Airline cabin crew habitually carried out their work in Belgium despite the fact that a jurisdiction clause in their contracts stated that their place of work was in Ireland, is the opinion of an Advocate General.
This case concerned a group of four workers employed by an Irish company who were assigned to work for Ryanair as cabin crew. A further worker was employed directly by Ryanair as a cabin services agent.
All five signed contracts of employment which were in English, and stated to be governed by Irish law. The contracts contained a clause which conferred jurisdiction on the Irish courts. The contracts also stated that the services were deemed to be performed in Ireland, as they were carried out on aircraft registered in Ireland.
However, their ‘home base’ was designated as Charleroi airport (near Brussels) and they were contractually required to live less than an hour away from their home base.
They started and ended their day at Charleroi airport, where they received their instructions. They always took off from there, and returned there at the end of the day. When they were unfit to work, they were required to attend Charleroi airport to complete a form which was forwarded to the employer’s head office in Dublin. Any disciplinary proceedings were initiated at Charleroi, where meetings took place in the crew room. Subsequent stages of the process were carried out from Dublin.
When their employment ended they brought various claims in the Belgian courts, including claims for unpaid wages, overtime pay, enhanced pay for night work and severance pay. The employers argued that the Irish courts had jurisdiction to determine the claims. The workers argued that there was no link between them and Ireland, since they had never lived or worked there.
A Belgium Court said that it did not have the jurisdiction to determine the claims. They then appealed, and the appeal court asked the European Court of Justice to clarify how the phrase ‘place where the employee habitually carries out his work’ should be interpreted for mobile workers in the international air transport sector, and in particular, whether it is comparable to the concept of an airline’s ‘home base’.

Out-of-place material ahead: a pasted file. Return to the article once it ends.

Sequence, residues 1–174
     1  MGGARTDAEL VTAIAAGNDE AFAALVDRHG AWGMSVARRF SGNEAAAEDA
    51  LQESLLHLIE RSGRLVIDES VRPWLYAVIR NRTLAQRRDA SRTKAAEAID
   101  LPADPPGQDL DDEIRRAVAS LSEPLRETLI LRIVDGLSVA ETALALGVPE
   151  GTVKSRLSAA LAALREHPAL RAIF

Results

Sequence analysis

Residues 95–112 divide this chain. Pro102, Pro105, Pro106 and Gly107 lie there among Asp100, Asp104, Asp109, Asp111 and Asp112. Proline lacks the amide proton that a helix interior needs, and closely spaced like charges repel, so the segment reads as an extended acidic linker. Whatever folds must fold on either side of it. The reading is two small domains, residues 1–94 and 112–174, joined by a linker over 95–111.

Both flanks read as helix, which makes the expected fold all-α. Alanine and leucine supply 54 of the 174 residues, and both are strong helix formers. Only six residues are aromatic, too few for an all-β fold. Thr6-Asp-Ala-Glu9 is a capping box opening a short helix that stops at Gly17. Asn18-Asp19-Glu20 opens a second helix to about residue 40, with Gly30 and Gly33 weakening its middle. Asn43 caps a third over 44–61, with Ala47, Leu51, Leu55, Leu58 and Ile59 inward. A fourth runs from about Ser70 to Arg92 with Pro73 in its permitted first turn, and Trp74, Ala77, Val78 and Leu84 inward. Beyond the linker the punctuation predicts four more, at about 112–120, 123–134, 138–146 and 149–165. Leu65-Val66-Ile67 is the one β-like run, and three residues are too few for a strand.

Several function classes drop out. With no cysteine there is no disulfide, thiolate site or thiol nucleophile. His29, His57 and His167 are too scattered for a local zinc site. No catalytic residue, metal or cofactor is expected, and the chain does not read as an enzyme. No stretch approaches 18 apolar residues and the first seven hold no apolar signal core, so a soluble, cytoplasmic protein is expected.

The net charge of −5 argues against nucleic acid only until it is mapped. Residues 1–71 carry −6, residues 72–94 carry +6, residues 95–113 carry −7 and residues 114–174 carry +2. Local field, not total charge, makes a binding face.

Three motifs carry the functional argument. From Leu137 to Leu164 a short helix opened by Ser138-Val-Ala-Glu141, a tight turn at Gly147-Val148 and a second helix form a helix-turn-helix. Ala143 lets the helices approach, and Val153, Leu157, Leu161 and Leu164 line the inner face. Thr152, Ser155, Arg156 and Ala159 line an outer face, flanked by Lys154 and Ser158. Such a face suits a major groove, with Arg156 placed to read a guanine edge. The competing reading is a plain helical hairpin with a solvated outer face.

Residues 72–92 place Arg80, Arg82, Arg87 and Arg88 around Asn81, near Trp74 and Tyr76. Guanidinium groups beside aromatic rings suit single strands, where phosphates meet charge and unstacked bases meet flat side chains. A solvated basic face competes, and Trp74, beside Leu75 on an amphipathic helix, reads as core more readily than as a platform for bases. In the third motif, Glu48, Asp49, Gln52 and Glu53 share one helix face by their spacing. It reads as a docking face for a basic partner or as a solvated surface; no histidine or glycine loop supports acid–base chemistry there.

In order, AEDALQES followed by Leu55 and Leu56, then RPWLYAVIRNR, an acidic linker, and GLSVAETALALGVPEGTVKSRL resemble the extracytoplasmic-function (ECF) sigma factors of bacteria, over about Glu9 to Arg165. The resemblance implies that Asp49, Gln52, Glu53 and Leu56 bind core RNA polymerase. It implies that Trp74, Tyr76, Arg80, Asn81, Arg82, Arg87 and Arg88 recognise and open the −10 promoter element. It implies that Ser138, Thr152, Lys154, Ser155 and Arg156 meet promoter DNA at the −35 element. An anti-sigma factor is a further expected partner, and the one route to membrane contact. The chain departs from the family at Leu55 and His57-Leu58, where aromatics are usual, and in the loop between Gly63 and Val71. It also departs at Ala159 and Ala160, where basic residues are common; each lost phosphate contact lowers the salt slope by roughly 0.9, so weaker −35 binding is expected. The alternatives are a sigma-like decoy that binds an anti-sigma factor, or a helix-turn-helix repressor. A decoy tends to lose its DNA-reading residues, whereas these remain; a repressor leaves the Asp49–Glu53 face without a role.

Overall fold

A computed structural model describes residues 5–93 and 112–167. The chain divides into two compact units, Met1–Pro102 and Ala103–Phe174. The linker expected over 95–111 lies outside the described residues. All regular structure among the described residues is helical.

The European Court of Justice has yet to make its decision in this case. However, an Advocate General has given his opinion on the matter. The Court is not obliged to follow the Advocate General’s opinion, although in practice it generally does.
Place where the employee habitually carries out his work is defined
In the Advocate General’s opinion the ‘place where the employees habitually carries out his work’ is the place where, or from which, the worker principally carries out his obligations towards his employer.
The Advocate General said that the national court must either identify the ‘place where’ the employee principally carries out their obligations, or the ‘place from which’ they carry out those obligations.
In the Advocate General’s view, the following facts were relevant to determining the place from which the workers principally carried out their duties:
- The fact that they started and ended their working day at Charleroi airport, which he said, was of overriding importance
- The cabin crew received all of their instructions at Charleroi airport, and their work was organised there.
- The fact that the aircraft were based at Charleroi
- The cabin crew were contractually required to live less than one hour from Charleroi
- Although the employers denied having a branch office at Charleroi Airport, there was a ‘crew room’ there which was used by the cabin crew. The fact that it was not a formal branch office was irrelevant.
- The fact that the workers were required to attend Charleroi Airport if they were unfit for work or in the event of disciplinary problems.
It will be for the Belgian court to reach a final view, however the Advocate General concluded that the above factors unequivocally point to the Belgian courts having jurisdiction, being the courts of the place where Charleroi airport is situated.
Whether the cabin crew were employed directly by Ryanair, or assigned to work on Ryanair aircraft, was irrelevant for the purposes of identifying the place where the work was habitually carried out. That place is independent of the legal link between the worker and the person who benefits from the work done.
The Advocate General said that the relevance of the home base should only be taken into account to the extent that it supports the factors set out above for the purposes of identifying the relevant place, as it did in this case.
The Advocate General rejected the employers’ arguments that the nationality of the aircraft on which the workers worked should be taken into account for the purposes of determining the place where they habitually carried out their work.